Radiofrequency Radiation Dosimetry Handbook

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USAFSAM-TR-85-73RADIOFREQUENCY RADIATION DOSIMETRY HANDBOOK(Fourth Edition) Carl H. Durney, Ph.D.Habib Massoudi, Ph.D. Magdy F. lskander, Ph.D. Electrical Engineering Department The University of Utah Salt Lake City, UT 84112 October 1986 Final Report for Period 1 July 1984 - 31 December 1985 Legal Notices Prepared for: Armstrong Laboratory (AFMC) Occupational and Environment Directorate Radiofrequency Radiation Division 2503 D Drive Brooks Air Force Base, TX 78235-5102 AL/OE-TR-1996-0037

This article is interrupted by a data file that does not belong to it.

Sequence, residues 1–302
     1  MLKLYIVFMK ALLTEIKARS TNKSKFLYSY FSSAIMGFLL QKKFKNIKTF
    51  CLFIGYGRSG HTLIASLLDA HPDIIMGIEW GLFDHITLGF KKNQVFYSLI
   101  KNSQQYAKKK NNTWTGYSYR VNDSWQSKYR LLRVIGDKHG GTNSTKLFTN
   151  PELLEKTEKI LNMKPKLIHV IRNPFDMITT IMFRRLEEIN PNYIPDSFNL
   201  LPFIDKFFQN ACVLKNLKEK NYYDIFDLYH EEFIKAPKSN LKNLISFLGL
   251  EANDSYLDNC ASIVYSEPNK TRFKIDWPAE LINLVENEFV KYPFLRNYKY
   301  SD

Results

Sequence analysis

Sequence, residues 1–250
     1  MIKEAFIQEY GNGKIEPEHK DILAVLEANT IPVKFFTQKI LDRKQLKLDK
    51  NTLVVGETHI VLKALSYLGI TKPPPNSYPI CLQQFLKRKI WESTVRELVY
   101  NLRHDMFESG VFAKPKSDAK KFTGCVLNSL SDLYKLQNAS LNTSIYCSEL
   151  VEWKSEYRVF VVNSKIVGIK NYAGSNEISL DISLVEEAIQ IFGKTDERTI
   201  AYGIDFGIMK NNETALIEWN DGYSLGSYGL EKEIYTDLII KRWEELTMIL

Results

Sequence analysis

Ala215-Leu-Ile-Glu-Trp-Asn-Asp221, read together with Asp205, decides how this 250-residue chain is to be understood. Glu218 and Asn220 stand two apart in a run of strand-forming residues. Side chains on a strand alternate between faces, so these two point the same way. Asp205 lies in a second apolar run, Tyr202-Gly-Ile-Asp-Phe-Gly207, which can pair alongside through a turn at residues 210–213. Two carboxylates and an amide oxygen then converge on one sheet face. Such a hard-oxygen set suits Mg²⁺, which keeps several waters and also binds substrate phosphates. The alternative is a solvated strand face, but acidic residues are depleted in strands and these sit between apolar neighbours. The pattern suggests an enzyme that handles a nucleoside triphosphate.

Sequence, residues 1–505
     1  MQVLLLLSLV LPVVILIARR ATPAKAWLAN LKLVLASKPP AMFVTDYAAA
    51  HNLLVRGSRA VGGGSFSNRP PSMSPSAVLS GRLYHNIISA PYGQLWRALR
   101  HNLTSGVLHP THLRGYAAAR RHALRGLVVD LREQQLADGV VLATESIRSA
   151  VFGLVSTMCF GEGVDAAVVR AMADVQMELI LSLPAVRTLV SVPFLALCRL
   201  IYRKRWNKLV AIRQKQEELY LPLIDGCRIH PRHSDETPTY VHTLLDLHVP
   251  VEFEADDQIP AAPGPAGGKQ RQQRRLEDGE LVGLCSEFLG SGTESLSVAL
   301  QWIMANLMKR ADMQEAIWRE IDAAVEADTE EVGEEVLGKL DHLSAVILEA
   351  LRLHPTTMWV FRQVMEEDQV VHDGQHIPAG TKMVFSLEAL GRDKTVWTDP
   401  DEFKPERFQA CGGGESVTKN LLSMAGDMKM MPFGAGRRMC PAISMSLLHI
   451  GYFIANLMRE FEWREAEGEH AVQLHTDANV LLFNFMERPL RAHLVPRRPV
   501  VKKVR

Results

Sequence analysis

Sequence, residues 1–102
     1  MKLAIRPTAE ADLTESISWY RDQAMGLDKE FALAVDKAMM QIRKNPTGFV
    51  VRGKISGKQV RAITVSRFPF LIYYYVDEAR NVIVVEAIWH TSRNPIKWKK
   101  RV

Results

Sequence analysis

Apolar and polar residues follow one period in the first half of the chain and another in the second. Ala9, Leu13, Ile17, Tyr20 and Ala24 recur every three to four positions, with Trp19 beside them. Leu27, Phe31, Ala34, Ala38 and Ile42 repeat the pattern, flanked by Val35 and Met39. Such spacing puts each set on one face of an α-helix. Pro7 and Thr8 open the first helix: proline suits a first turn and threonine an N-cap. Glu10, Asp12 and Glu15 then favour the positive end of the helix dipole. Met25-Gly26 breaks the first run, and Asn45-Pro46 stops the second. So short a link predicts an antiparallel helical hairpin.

<p>USAFSAM-TR-85-73</p> <p>RADIOFREQUENCY RADIATION DOSIMETRY HANDBOOK(Fourth Edition) Carl H. Durney, Ph.D.Habib Massoudi, Ph.D. Magdy F. lskander, Ph.D. Electrical Engineering Department The University of Utah Salt Lake City, UT 84112 October 1986 Final Report for Period 1 July 1984 - 31 December 1985 Legal Notices Prepared for: Armstrong Laboratory (AFMC) Occupational and Environment Directorate Radiofrequency Radiation Division 2503 D Drive Brooks Air Force Base, TX 78235-5102 AL/OE-TR-1996-0037</p> <p> October 1986, USAF School of Aerospace Medicine, Aerospace Medical Division (AFSC), Brooks Air Force Base, TX 78235-5301 The Radiofrequency Radiation Dosimetry Handbook was converted to an HTML digital document under USAF Contract # F4162296P405 by Cotton Computer Services, Helotes, TX.</p> <p>Link to: Compilation of the Dielectric Properties of Body Tissues at RF and Microwave Frequencies by Camelia Gabriel (AL/OE-TR-1996-0037)Last modified on 22 May 2002</p> <p>Link to: AFRL home page The appearance of hyperlinks does not constitute endorsement by the Department of Defense or the U.S. Air Force of this Web site or the information, products, or services contained therein. For other than authorized activities such as military exchanges and Morale, Welfare, and Recreation sites, the Department of Defense or the U.S. Air Force does not exercise any editorial control over the information you may find at these locations. Such links are provided consistent with the stated purpose of this DoD Web site. Transcribed Dec. 2002 TEH Page numbers added here are not used on website and may not correspond to any previous print versions.</p> <p>2</p> <p>PREFACEThe first edition of the Radiofrequency Radiation Dosimetry Handbook, SAM-TR-76-35 (September 1976), was published with the objective of providing the best information then available about electromagnetic energy absorption. In that edition the dosimetric data were limited mostly to the lower part of the electromagnetic spectrum, principally in the 10 kHz-1.5 GHz range, and also to homogeneous spheroidal and ellipsoidal models of humans and other animals. The data clearly demonstrated the importance of frequency, geometric configuration, and orientation in the assessment of biological effects induced by radiofrequency (RF) radiation. The second edition of the handbook, SAM-TR-78-22 (May 1978), provided expanded dosimetric data. The frequency range was broadened to the 10 MHz-100 GHz band. The data included absorption of models irradiated by planewaves in free space, absorption of models on or near ground planes, heat-response calculations, and some scattering data. Empirical relations for calculating the rate of energy absorption; some rules of thumb for electromagnetic absorption; and data from the literature for metabolic rates, dielectric constants, and conductivities were also included as well as tables summarizing the experimental data and theoretical techniques found in the literature. The third edition of the handbook, SAM-TR-80-32 (August 1980), was published mainly to provide new data on near-field absorption, which up until that time was scarce because near-field calculations are so difficult to make. The data consisted of specific absorption rates (SARs) for spheroids and cylinders irradiated by short dipoles and small loops, and a block model of man irradiated by simple aperture fields. Also included were absorption data for spheroidal models irradiated by circularly polarized planewaves, multilayered cylindrical models irradiated by planewaves, and spheroidal models irradiated in K polarization by planewaves for frequency ranges in which calculations had not been possible for the second edition. Tables in the second edition that summarized experimental data and theoretical techniques found in the literature were updated; although generally speaking, material contained in the first and second editions was not included in the third edition. The third edition also had a section on dosimetric techniques, which included a history of electromagnetic dosimetry and a section on qualitative near-field dosimetry. The material on qualitative explanations of near-field SARs is especially important because near-field SARs cannot be normalized to incident-power density, as planewave SARs can be. Since near-field radiation fields vary so much from one radiation source to another, near-field dosimetric data for specific sources could not be given; only near-field SAR data for simple illustrative -radiation fields were presented. The purpose of this fourth edition is to provide a convenient compilation of information contained in the previous editions, including updated tables of published data, and to add new information.</p> <p>3</p> <p>ACKNOWLEDGEMENTSThe idea of producing a dosimetry handbook grew out of conversations in the early 1970s of the late Curtis C. Johnson, Professor and Chairman of Bioengineering at the University of Utah, with John C. Mitchell and Stewart J. Allen of the United States Air Force School of Aerospace Medicine (USAFSAM) at Brooks Air Force Base, Texas. Under the direction of Mr. Mitchell, USAFSAM has funded the development and publication of all four editions of this handbook. The outstanding contributions of Dr. Johnson were sorely missed upon his untimely death just before publication of the second edition. Mr. Allen served as project scientist for the first three editions. Lieutenant Luis Lozano served as project scientist for the fourth edition until his unexpected death in 1983, when William D. Hurt became the project scientist. The authors gratefully acknowledge the contributions of these USAFSAM staff scientists whose skill and dedication were crucial to the development and publication of this handbook. Mr. Mitchell wrote Chapter 11 on RFR safety standards, and Mr. Allen wrote Chapter 7 (except for sections 7.2.6 and 7.3) on dosimetric measurement techniques. Mr. Hurt developed the leastsquares best-fit relationship for tissue permittivity (in Chapter 4), and Mr. Hurt and Lt. Lozano developed an empirical relationship for SAR (in Chapter 5). We also appreciate the contributions of Dr. David N. Erwin, Dr. Jerome Krupp, Mr. James Merritt, and Mr. Richard Bixby, USAFSAM, in reviewing the draft of the handbook and making many valuable suggestions. In the eight years since the first edition of this handbook was published, many people have made suggestions for improvement, all of which are greatly appreciated. Also, a number of people contributed material (as indicated at the beginning of appropriate chapters or sections) or otherwise collaborated in one or more of the editions, and several people served as external reviewers of the fourth edition. Their detailed comments were invaluable in refining the document. The publication of four editions of this handbook has required many hours of typing, most of which was done by Doris Bartsch in the earlier editions and by Ruth Eichers in the later editions. We have appreciated their expertness and cheerful dedication which saved us many hours of hard work.</p> <p>Collaborators and ContributorsEleanor R. Adair, Ph.D. John B. Pierce Foundation Laboratory Yale University, New Haven, Connecticut Stewart J. Allen, B.S. National Center For Devices and Radiological Health Rockville, Maryland Peter W. Barber, Ph.D.</p> <p>4</p> <p>Clarkson College, Potsdam, New York Arthur W. Guy, Ph.D. University of Washington, Seattle, Washigton William D. Hurt, M.S. U.S. Air Force School of Aerospace Medicine Brooks Air Force Base, Texas Curtis C. Johnson (deceased) James L. Lords, Ph.D. University of Utah Salt Lake City, Utah Luis Lozano (deceased) John C. Mitchell, B.S. U.S. Air Force School of Aerospace Medicine Brooks Air Force Base, Texas David K. Ryser, B.S. Rochester, Minnesota Herman P. Schwan, Ph.D. University of Pennsylvania Philadelphia, Pennsylvania</p> <p>ReviewersStewart J. Allen, B.S. National Center for Devices and Radiological Health Rockville, Maryland Kenneth R. Foster, Ph.D. University of Pennsylvania Phildelphia, Pennsylvania Donald I. McBee, Ph.D.</p> <p>5</p> <p>National Institute of Environmental Health Sciences Research Triangle Park, North Carolina Richard G. Olsen, Ph.D. Naval Aerospace Medical Research Laboratory Pensacola, Florida Herman P. Schwan, Ph.D. University of Pennsylvania Philadelphia, Pennsylvania Thomas S. Tenforde, Ph.D. University of California Berkeley, California</p> <p>6</p> <p>ContentsPREFACE ACKNOWLEDGMENTS LIST OF ILLUSTRATIONS LIST OF TABLES 1. INTRODUCTION 2. HOW TO USE DOSIMETRIC DATA IN THIS HANDBOOK 3. SOME BASICS OF ELECTROMAGNETICS3.1. Terms and Units 3.1.1. Glossary 3.1.2. Measurement Units 3.1.3. Vectors and Fields 3.2. Field Characteristics 3.2.1. Electric Fields 3.2.2. Magnetic Fields 3.2.3. Static Field 3.2.4 Quasi-Static Fields 3.2.5. Electric Potential 3.2.6. Interaction of Fields with Materials 3.2.7. Maxwell's Equations 3.2.8. Wave Solutions to Maxwell's Equations 3.2.9. Solutions to Maxwell's Equations Related to Wavelength 3.2.10. Near Fields 3.2.11. Far Fields 3.2.12. Guided Waves</p> <p>7</p> <p>3.3. Absorption Characteristics 3.3.1. Poynting's Theorem (Energy Conservation Theorem) 3.3.2. Interaction of fields with Objects 3.3.3. Electrical Properties of Biological Tissue 3.3.4. Planewave Absorption Versus Frequency 3.3.5. Polarization 3.3.6. Specific Absorption Rate 3.4 Concepts of Measurements 3.4.1. Electric-Field Measurements 3.4.2. Magnetic-Field Measurements 3.4.3. SAR Measurements 3.5 Rules of Thumb and Frequently Used Relationships</p> <p>4. DIELECTRIC PROPERTIES4.1 Characteristics of Biological Tissue 4.1.1. Electrical Properties 4.1.2. Membrane Interactions 4.1.3. Field-Generated Force Effects 4.1.4. Possibility of Weak Nonthermal Interactions 4.2. Measurement Techniques 4.2.1. Introduction 4.2.2. Low-Frequency Techniques 4.2.3. High-Frequency Techniques 4.2.4. Time-Domain Measurements 4.2.5. Measurement of In Vivo Dielectric Properties 4.2.6. Summary</p> <p>8</p> <p>4.3. Tabulated Summary of Measured Values</p> <p>5. THEORETICAL DOSIMETRY5.1 Methods of Calculation 5.1.1. Planewave Dosimetry 5.1.2. Near-Field Dosimetry 5.1.3. Sensitivity of SAR Calculations to Permitivity Changes 5.1.4. Relative Absorption Cross Section 5.1.5. Qualitative Dosimetry 5.2 Data for Models of Biological Systems 5.3 Tabulated Summary of Published Work in Theoretical Dosimetry</p> <p>6. CALCULATED DOSIMETRIC DATA6.1 Calculated Planewave Dosimetric Data for Average SAR 6.2 Calculated Near-Field Dosimetric Data for Average SAR 6.2.1 Short-Dipole and Small-Loop Irradiators 6.2.2. Aperture Fields</p> <p>7. EXPERIMENTAL DOSIMETRY7.1. History of Experimental Dosimetry 7.2. Measurement Techniques 7.2.1. Dosimetry Requirements 7.2.2. Holding Devices 7.2.3. Exposure Devices for Experimental Subjects 7.2.4. Incident-Field Measurements 7.2.5. Measurement of Specific Absorption Rates 7.2.6. Scaled-Model Techniques</p> <p>9</p> <p>7.3 Tabulated Summary of Published Work in Experimental Dosimetry</p> <p>8. EXPERIMENTAL DOSIMETRIC DATA 9. DOSIMETRY IN THE VERY-LOW-FREQUENCY AND MEDIUMFREQUENCY RANGES9.1 Methods 9.1.1. Calculation of Current 9.1.2. Measurement of Body Potential and Dimensions 9.1.3. Calculation of Body Resistance and SAR 9.2. Calculated and Measured Data</p> <p>10. THERMAL RESPONSES OF MAN AND ANIMALS10.1. Introduction 10.2. Heat Exchange Between Organism and Environment 10.3. The Thermoregulatory Profile 10.4. Body Heat Balance 10.5. Metabolic Rates of Man and Animals 10.5.1. Human Data 10.5.2. Animal Data 10.6. Avenues of Heat Loss 10.6.1. Vasomotor Control 10.6.2. Sweating 10.7. Heat- Response Calculations 10.7.1. Models of the Thermoregulatory System 10.7.2. Data for Heat-Response Calculations 10.7.3. Calculations</p> <p>10</p> <p>11. Radiofrequency Radiation Safety Standards11.1. Introduction 11.2. RFR Safety Standards 11.2.1. American National Standards Institute (ANSI) Standards 11.2.2. American Conference of Govermental Industrial Hygienists (ACGIH) TLV 11.2.3. United States Federal Guidelines 11.2.4. International Radiation Protection Association Guidelines 11.3 Physical Considerations Inherents in Application of New RFR Safety Guidelines 11.3.1. RFR Penetration and Absorption in Biological Systems 11.3.2. Partial Versus Whole-Body Exposures 11.3.3. Subject and Source Dynamics 11.4 Conclusions 11.5 Future Trends in RFR-Standards Setting REFERENCES</p> <p>11</p> <p>Chapter 1. IntroductionThe radiofrequency portion of the electromagnetic spectrum extends over a wide range of frequencies, from about 10 kHz to 300 GHz. In the last two or three decades, the use of devices that emit radiofrequency radiation (RFR) has increased dramatically. Radiofrequency devices include, for example, radio and television transmitters, military and civilian radar systems, extensive communications systems (including satellite communications systems and a wide assortment of mobile radios), microwave ovens, industrial RF heat sealers, and various medical devices. The proliferation of RF devices has been accompanied by increased concern about ensuring the safety of their use. Throughout the world many organizations, both government and nongovernment, have established RFR safety standards or guidelines for exposure. Because of different criteria, the USSR and some of the Eastern European countries have more stringent safety standards than most Western countries. The Soviet standards are based on centralnervous-system and behavioral responses attributed to RFR exposure in animals. In Western countries the standards are based primarily on the calculated thermal burden that would be produced in people exposed to RFR. In each case, better methods are needed to properly extrapolate or relate effects observed in animals to similar effects expected to be found in people. (The development of new RFR safety guidelines is discussed in Chapter 11.) Safety standards will be revised as more knowledge is obtained about RFR effects on the human body. An essential element of the research in biological effects of RFR is dosimetry--the determination of energy absorbed by an object exposed to the electromagnetic (EM) fields composing RFR. Since the energy absorbed is directly related to the internal EM fields (that is, the EM fields inside the object, not the EM fields incident upon the object), dosimetry is also interpreted to mean the determination of internal EM fields. The internal and incident EM fields can be quite different, depending on the size and shape of the object, its electrical properties, its orientation with respect to the incident EM fields, and the frequency of the incident fields. Because any biological effects will be related directly to the internal fields, any cause-and-effect relationship must be formulated in terms of these fields, not the incident fields. However, direct measurement of the incident fields is easier and more practical than of the internal fields, especially in people, so we use...</p>